Long known as the “workhorses” of graduate business education, part-time programs have seen enrollment stagnate in recent years, according to data from the Graduate Management Admission Council. In a 2018 study, GMAC pointed to trouble signs: Since a huge drop-off in application volume after 2008, the programs have been on a gradual but consistent decline, and permanently sub-50% in volume growth. In GMAC’s 2016 Application Trends Survey, 43% of part-time MBA programs reported volume growth, compared with 50% that reported declining volume. Nearly half (49%) of all part-time MBA programs surveyed reported plans to reduce the size of their next class. Last year, in its 2018 Application Trends Survey — which mostly had to do with full-time programs — GMAC reported that a majority of responding schools saw total application declines among part-time lockstep MBA (53% report declines), part-time self-paced MBA (54%), and flexible MBA (56%) programs. Segmenting part-time lockstep and self-paced programs by their scheduling options showed similar results, as most weekend (56%) and evening (55%) programs were also down.
The attrition has occurred at even the top part-time programs: Between 2016 and 2020, the University of Chicago Booth School of Business, currently the No. 1-ranked program by U.S. News, shrank from 1,366 students to 1,245, an 8.9% decline. UCLA Anderson School of Management, ranked No. 5, saw a more significant loss, from 986 students to 857 (13.1%). No. 4 NYU Stern School of Business saw enrollment decrease by a whopping 242 students, 1,381 to 1,139, equaling 17.5%. No. 6 University of Michigan Ross School of Business went from 430 to 406 (-5.6%), and No. 9 Indiana University Kelley School of Business fell from 294 to 278 (-5.4%). The biggest drop-off for a prominent school was at No. 8 Carnegie Mellon University Tepper School of Business, which dropped from 143 to 74, a decline of nearly half (48.3%).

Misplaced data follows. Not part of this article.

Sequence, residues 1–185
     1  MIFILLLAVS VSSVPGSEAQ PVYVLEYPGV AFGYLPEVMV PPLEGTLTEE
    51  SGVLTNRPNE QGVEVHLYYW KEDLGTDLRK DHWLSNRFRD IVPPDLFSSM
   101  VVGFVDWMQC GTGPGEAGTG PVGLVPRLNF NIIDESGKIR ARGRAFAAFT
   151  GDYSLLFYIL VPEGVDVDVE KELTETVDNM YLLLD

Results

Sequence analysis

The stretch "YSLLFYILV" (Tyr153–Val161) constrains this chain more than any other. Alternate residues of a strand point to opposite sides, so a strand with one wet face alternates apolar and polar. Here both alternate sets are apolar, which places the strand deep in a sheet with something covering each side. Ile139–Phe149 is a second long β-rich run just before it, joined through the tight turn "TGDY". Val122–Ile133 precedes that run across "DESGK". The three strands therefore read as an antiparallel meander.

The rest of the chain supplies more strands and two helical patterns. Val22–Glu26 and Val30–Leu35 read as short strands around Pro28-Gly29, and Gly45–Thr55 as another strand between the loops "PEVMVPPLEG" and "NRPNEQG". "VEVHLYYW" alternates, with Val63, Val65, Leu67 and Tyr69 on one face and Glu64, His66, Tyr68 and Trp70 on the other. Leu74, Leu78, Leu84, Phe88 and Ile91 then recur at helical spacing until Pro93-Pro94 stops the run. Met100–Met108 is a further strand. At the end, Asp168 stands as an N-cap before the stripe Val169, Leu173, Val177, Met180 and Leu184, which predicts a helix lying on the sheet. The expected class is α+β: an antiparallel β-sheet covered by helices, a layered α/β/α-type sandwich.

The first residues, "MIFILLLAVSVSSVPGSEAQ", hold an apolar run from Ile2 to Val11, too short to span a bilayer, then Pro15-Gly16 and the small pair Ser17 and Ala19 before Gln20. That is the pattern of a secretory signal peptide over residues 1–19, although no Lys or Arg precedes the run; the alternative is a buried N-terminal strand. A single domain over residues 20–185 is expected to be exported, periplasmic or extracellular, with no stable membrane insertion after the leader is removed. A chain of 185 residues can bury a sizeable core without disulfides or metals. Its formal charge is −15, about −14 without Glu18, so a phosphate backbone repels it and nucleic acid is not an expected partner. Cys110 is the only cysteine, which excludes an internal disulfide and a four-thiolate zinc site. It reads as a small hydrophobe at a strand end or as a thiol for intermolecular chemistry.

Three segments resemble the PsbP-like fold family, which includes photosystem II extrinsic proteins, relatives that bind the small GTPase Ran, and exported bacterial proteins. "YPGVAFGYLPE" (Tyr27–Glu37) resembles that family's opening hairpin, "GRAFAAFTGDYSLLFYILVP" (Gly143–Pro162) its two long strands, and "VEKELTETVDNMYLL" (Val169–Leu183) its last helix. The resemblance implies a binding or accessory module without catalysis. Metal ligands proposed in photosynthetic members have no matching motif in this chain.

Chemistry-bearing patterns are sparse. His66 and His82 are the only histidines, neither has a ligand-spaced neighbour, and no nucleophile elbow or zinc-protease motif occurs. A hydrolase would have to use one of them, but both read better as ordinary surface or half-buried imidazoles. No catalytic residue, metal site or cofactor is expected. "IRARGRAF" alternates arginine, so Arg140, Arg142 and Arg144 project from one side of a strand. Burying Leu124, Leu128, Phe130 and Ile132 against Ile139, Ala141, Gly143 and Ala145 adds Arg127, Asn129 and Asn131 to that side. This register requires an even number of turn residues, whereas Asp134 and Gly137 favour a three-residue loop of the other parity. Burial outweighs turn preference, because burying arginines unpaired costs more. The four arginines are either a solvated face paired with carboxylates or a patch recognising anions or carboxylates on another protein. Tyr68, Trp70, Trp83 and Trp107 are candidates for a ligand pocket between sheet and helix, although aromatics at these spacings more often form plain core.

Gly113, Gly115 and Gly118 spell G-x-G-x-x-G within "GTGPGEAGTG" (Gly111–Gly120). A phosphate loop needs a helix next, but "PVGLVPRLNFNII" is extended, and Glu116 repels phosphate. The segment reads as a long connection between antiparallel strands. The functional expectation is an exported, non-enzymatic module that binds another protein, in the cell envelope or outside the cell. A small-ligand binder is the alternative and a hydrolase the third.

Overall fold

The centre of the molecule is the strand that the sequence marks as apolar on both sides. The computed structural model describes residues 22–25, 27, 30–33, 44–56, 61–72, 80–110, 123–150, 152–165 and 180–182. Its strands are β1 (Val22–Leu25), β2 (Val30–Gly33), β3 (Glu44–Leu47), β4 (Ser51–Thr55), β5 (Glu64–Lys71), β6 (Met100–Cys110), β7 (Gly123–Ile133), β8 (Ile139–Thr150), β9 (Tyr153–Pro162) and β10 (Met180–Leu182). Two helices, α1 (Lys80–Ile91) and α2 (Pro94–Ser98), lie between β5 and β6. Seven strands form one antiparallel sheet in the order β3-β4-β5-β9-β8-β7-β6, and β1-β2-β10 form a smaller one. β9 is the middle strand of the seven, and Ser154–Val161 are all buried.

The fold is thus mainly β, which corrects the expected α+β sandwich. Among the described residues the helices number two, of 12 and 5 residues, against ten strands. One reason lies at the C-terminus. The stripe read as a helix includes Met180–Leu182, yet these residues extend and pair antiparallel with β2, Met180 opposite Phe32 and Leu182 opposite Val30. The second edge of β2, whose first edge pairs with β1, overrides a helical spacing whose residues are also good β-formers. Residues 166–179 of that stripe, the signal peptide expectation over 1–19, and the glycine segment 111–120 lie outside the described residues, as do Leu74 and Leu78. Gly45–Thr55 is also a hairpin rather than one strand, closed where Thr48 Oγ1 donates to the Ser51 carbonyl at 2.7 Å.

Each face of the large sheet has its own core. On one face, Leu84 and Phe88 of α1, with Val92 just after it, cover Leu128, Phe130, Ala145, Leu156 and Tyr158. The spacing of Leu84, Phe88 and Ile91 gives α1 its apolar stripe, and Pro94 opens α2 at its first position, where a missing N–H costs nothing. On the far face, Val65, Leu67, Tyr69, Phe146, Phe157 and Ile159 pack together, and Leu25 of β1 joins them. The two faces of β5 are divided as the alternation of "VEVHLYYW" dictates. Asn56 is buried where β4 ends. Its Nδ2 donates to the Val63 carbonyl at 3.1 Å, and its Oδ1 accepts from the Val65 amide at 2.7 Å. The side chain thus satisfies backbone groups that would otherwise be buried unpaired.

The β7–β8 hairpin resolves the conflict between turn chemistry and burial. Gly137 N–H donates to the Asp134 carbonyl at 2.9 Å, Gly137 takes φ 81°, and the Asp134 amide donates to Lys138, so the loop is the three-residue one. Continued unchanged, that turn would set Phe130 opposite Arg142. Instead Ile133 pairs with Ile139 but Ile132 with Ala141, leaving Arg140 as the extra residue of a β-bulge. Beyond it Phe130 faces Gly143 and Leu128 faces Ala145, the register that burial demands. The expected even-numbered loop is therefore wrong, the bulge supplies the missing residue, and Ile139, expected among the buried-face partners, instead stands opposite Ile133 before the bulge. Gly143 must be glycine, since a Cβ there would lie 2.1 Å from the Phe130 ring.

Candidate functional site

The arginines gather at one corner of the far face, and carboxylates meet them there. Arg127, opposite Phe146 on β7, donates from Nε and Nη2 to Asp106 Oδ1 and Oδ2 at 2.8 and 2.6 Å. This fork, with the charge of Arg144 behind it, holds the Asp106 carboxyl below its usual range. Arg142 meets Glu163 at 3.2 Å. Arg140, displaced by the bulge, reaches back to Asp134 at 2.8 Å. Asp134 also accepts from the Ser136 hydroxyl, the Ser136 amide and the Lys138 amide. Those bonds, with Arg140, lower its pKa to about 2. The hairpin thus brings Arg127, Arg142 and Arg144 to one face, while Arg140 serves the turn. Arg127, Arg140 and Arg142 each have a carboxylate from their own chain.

TOWN HALLS, CLUBS, EVENTS — EVEN FITNESS CLASSES
Enrollment at No. 3 Northwestern Kellogg, however, has declined only slightly, from 804 to 795 (1.1%). Why? Emily Haydon says engagement and innovation are, as always, prime factors. But there’s more. As part-time programs have struggled to remain viable in a sea of new options — online MBAs, specialized master’s offerings, MOOCs — Kellogg’s E&W program has grown its offerings, improved engagement with employers, and invested in better marketing of the advantages of the format. It’s also super flexible, with students having the option to learn more on weekends, more in the evenings, or some combination of the two.
The results speak for themselves.
“Over the past several years, we’ve consistently grown our enrollment numbers,” Haydon says. “We’ve expanded our innovative offerings and launched an Accelerated Option to allow E&W students to complete an MBA in as quickly as one year, and made it possible for all students to enroll at any quarter throughout the year.”